A: Finchy's. You get weekends off!
It looked as if the agony was over that August, when he shot 67 on the first day of the World Series and was two shots off the lead. The next day he lost all 10 balls in his bag and shot 82 (with only 21 putts). If his caddie hadn't had a spare ball in his overalls pocket, Baker-Finch would've been disqualified. He finished second to last.
Then things got bad.
Dearest Mr. Ian Baker-Finch,
Sleep with this Indian stone under your pillow. It resonates with your spirit. You have given away your own power. You have forgotten the beauty of your own soul.
CAROL, New South Wales
It was not in his swing anymore. It was in his mind. He would sit straight up in bed after dreams of never hitting another fairway. He would drive along a road, see a golf hole and think, How in the world do people hit that fairway? Psychologist Bob Rotella asked Baker-Finch to visualize himself hitting a fairway. He couldn't.
One day at the '94 Hyundai Masters in Seoul, he shot 66 in the pro-am, breaking the course record. The next day, when it counted, he shot 81. At the Masters in '95, he hit 50 perfect practice drives in a row, all of them to the same practice-range pole 250 yards away. Then he went to the 1st tee and dead-yanked his drive so far left that it fell in the 9th fairway. "It got a little freaky," he says. "I'd be hitting it so good on the range, I came this close to telling the caddie to wait for me on the tee with the ball teed up. When it was just a minute before I was supposed to hit, he could yell to me and I'd sprint to the tee and hit it, not give myself time to get scared."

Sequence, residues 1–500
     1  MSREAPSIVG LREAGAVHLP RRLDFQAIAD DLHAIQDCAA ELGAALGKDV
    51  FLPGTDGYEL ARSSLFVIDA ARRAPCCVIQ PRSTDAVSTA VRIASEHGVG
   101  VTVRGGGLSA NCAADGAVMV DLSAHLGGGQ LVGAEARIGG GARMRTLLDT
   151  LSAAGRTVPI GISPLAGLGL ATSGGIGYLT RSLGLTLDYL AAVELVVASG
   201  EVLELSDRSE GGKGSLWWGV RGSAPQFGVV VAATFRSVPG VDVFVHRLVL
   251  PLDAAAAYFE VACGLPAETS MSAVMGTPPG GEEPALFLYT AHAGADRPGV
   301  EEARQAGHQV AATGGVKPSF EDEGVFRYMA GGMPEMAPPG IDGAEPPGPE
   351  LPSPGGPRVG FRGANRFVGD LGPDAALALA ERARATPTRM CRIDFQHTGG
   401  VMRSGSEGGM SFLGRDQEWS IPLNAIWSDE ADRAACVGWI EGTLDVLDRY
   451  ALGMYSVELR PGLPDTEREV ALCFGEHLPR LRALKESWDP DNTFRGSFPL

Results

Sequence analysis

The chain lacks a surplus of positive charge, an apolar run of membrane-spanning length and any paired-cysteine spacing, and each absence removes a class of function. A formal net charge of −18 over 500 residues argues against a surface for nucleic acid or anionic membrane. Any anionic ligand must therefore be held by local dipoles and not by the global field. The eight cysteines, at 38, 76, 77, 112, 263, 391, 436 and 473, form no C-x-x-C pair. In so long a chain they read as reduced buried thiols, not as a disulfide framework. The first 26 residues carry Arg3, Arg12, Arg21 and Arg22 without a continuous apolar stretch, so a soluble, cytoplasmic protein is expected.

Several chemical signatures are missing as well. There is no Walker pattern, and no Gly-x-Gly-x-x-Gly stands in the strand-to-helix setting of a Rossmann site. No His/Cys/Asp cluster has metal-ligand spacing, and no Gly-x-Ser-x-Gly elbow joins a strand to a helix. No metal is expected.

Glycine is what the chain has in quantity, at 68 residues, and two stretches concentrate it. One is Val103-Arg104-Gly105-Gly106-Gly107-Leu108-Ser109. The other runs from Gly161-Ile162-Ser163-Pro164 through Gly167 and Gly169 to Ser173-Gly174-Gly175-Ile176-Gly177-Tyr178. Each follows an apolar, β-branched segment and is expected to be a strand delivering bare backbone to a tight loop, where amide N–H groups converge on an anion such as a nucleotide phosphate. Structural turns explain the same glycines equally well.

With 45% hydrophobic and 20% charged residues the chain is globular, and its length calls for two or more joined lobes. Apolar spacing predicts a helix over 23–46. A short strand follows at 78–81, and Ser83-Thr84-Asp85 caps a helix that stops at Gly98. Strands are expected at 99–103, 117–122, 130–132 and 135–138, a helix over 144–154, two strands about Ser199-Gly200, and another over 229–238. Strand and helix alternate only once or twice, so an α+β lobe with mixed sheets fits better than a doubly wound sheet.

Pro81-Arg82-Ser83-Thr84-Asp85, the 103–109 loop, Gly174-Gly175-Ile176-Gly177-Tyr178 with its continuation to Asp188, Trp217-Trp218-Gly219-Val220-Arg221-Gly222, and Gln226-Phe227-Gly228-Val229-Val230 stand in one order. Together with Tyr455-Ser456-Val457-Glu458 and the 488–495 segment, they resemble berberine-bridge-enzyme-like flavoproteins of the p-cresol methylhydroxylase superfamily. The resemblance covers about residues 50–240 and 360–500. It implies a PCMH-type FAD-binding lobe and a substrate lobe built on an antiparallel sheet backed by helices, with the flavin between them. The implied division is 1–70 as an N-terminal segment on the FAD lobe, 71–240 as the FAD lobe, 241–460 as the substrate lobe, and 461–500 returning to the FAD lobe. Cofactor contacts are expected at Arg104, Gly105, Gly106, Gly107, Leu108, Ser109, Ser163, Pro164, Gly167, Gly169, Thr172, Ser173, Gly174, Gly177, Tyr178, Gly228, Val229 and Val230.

Golf is tightrope dancing without a net, because the excuses have been removed from the game. The problem was not the un-hittable sinker or the unavoidable block. It was not the refs or the offensive line. It was just you, striking an inert sphere placed conveniently on a peg. Teachers often finish a lesson by saying, "Now just trust it." But for Baker-Finch, that was the catch. He could not trust it because he could not trust himself. "I can't tell you how bad it feels to feel so badly about yourself," he says.
He was losing it. He could look at a white picket fence and see nothing but out-of-bounds stakes. The players have a name for this, "the full-body yips," and he had the worst case they'd ever seen. Most guys would stare at their shoes when Baker-Finch swung, hoping it wasn't contagious. He would stand on the tee before he'd drive and darkly mutter, "Look out, left."
"You can't imagine what it's like," says Bill Rogers, who was Baker-Finch before Baker-Finch was. Rogers, now the director of golf at the San Antonio Country Club, won the 1981 British Open and then dropped out of sight. He went from '81 PGA player of the year to 134th on the money list in only three years, and he finally quit in 1988. "See, you've dug yourself such a deep hole, you don't know if you can squeeze the ball in a double fairway," he says. "One time I stood on the 14th fairway at St. Andrews—how wide is that thing, 200 yards?—and didn't believe I could get it on the grass. I pumped three out-of-bounds one day there. You just live in fear of it, from the minute you wake up in bed."
Even Rogers never endured what Baker-Finch endured in 1995. Playing 24 tournaments, he missed every cut, shot in the 80s one out of every four rounds and broke par only twice. He shot 85 at the Players, 79-81 at the Masters, 84 at the Memorial, 80 at the PGA, twin 81s at the Buick and 84 at Disney, averaging four penalty strokes per round. He went home a failure every Friday night, and when his little girls—Hayley, then 6, and Laura, 4—asked, "Daddy, did you bring us back a trophy?" he tried like hell not to cry.